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Myrtle Beach, SC 29577
Getting a divorce is a significant emotional and financial decision. Although finances may or may not be a priority when making this important and life-changing decision, it is important to plan for the cost of divorce. When you understand the various costs of a South Carolina divorce, you are more prepared to handle them and plan your shared and separate financials for your future. No divorce is the same, and the costs vary based on several factors, including whether the filing is based on fault or if the case goes to trial. For some divorces, the cost of an experienced Divorce Attorney in Myrtle Beach, SC, enables a fairer and expedited divorce process.
In South Carolina, the filing fee for a divorce petition is $150. If you are unable to pay the filing fee, you can request a waiver. There may also be processing fees, temporary hearing costs, and other court fees.
However, the cost of divorce often extends beyond these fees. An attorney generally charges by the hour in a divorce case, so the longer your case takes, the more expensive it can become. Depending on the facts of your divorce, you may need other professionals to weigh in on property division or other aspects, which takes more money. The cost of a divorce may end up anywhere from $10,000 to $15,000, but it can be up to $50,000 or more. This is affected by whether your divorce is contested or uncontested and how complex the aspects of your divorce are.
An uncontested divorce occurs when spouses agree on most or all aspects of a divorce, including spousal support, property division, child support, and parenting plans. In an uncontested divorce, both parties negotiate through mediation or collaborative divorce to reach a separation agreement that is fair and manages their family’s needs. Because the court is not involved until the separation agreement is complete, uncontested divorces are generally faster, less stressful, and less expensive.
Although many spouses want to get an uncontested divorce, this is not always possible. A contested divorce may be required from the start, or it may be necessary after uncontested negotiations have failed. Some spouses can reach an agreement for portions of their separation agreement but have to turn to the court for other decisions.
When your divorce becomes contested, it is more expensive. There are more court costs, more lost time and income, and more parties involved. Not only will it take longer, therefore driving up hourly costs, but attorney fees are often higher for contested divorces.
You can file for a fault-based or no-fault divorce in South Carolina. A no-fault divorce can only be filed and granted by the court once spouses have been separated for 1 year. Filing for a fault-based divorce is done on one of the following grounds:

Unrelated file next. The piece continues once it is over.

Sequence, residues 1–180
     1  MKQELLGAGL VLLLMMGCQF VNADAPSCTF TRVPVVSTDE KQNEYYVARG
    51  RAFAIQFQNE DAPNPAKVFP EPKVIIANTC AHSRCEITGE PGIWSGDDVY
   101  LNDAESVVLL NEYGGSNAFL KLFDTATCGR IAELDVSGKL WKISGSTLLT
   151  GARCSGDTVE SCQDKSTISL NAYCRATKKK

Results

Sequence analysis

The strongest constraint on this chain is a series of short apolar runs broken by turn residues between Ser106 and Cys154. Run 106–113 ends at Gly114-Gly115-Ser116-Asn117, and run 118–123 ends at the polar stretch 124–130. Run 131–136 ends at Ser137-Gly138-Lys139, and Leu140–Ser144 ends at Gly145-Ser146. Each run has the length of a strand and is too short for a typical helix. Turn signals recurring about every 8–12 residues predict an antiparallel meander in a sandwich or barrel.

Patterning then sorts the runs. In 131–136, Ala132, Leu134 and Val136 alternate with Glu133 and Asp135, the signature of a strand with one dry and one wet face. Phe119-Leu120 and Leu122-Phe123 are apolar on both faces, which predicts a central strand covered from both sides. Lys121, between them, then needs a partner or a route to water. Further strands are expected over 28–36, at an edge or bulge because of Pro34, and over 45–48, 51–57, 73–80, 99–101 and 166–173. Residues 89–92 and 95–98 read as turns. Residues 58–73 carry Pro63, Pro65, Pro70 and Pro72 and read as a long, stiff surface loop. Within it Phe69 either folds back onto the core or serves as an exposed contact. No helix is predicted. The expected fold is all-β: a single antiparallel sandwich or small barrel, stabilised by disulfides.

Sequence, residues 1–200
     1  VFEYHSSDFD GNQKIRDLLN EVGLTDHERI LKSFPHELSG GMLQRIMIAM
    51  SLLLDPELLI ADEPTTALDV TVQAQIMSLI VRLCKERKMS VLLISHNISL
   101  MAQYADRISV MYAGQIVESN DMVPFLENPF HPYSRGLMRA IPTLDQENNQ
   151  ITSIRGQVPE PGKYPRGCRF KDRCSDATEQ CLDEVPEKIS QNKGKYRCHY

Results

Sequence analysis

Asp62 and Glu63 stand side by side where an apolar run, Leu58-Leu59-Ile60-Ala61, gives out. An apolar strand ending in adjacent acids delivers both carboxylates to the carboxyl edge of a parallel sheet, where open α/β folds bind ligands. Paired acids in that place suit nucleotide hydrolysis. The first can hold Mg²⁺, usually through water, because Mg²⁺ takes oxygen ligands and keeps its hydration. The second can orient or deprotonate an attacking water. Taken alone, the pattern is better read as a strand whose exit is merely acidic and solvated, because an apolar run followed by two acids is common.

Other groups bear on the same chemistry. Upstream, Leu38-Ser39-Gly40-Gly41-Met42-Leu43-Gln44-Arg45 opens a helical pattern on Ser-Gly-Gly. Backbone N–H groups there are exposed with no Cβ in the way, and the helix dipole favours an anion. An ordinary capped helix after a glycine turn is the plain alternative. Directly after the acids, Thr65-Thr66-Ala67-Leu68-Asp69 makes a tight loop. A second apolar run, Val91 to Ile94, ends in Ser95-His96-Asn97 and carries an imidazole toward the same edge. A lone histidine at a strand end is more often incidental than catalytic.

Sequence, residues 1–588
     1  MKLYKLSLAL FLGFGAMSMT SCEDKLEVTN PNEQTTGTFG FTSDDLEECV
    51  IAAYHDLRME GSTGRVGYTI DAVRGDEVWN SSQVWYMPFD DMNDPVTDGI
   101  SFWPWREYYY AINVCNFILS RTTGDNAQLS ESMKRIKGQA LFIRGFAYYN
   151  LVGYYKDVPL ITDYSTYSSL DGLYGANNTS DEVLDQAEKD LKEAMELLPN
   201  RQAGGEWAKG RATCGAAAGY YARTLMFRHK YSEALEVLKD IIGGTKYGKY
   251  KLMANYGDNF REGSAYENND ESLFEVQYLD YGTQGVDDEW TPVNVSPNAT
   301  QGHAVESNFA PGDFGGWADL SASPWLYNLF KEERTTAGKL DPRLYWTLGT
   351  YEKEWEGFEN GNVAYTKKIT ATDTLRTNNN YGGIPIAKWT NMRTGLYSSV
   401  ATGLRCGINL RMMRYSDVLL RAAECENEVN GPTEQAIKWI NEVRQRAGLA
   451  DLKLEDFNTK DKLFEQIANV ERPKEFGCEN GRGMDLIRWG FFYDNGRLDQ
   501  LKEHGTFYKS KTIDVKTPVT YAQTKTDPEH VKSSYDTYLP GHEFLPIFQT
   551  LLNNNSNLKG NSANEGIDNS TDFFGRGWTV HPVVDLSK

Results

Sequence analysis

When you file for a fault-based divorce, you do not have to wait out the 1-year separation period. A fault-based divorce can result in more contentious proceedings between spouses and is likely to be more expensive. You cannot get an uncontested divorce when you file for fault-based divorce.
There are other things that can make a divorce more expensive, including:
A: The fee to file a divorce petition is $150 in South Carolina. There are other costs, such as:
This can result in a divorce costing $10,000 to $20,000, though it can be much more expensive.
A: In a contested divorce, the first step is to file a divorce petition and serve the summons and complaint to your spouse. This includes submitting your wishes for a separation agreement, such as spousal support and property division. In an uncontested divorce, the same petition must be filed, but your spouse can sign a document that accepts the service of papers, waiving the need to serve them.
A: If you file for divorce based on fault, you are not required to be separated for a year prior to filing. A fault-based divorce in South Carolina can be filed for reasons of:
However, if you are filing for a no-fault divorce, the 1-year waiting period is required.
A: South Carolina is an equitable distribution state, which means that finances and all other assets are split equitably, not equally, if a divorce case goes to court. The court will review facts about the marriage when determining how to divide property, such as each spouse’s economic and noneconomic contributions to the marital property. If spouses can reach a separation agreement out of court, they can determine how assets are split. The court will enter it as a court order unless it is unfair to one party. If spouses have a marital agreement, they are also not subject to equitable distribution laws.
When evaluating the financial impact of divorce, many spouses are unsure if legal counsel is worth the cost. Whether you are getting an uncontested or contested divorce, an attorney can make the filing process, negotiations, and legal requirements go more smoothly. An experienced lawyer can also save you money by avoiding mistakes or common problems during divorce proceedings. Contact Axelrod & Associates today to see how we can aid your family’s interests.
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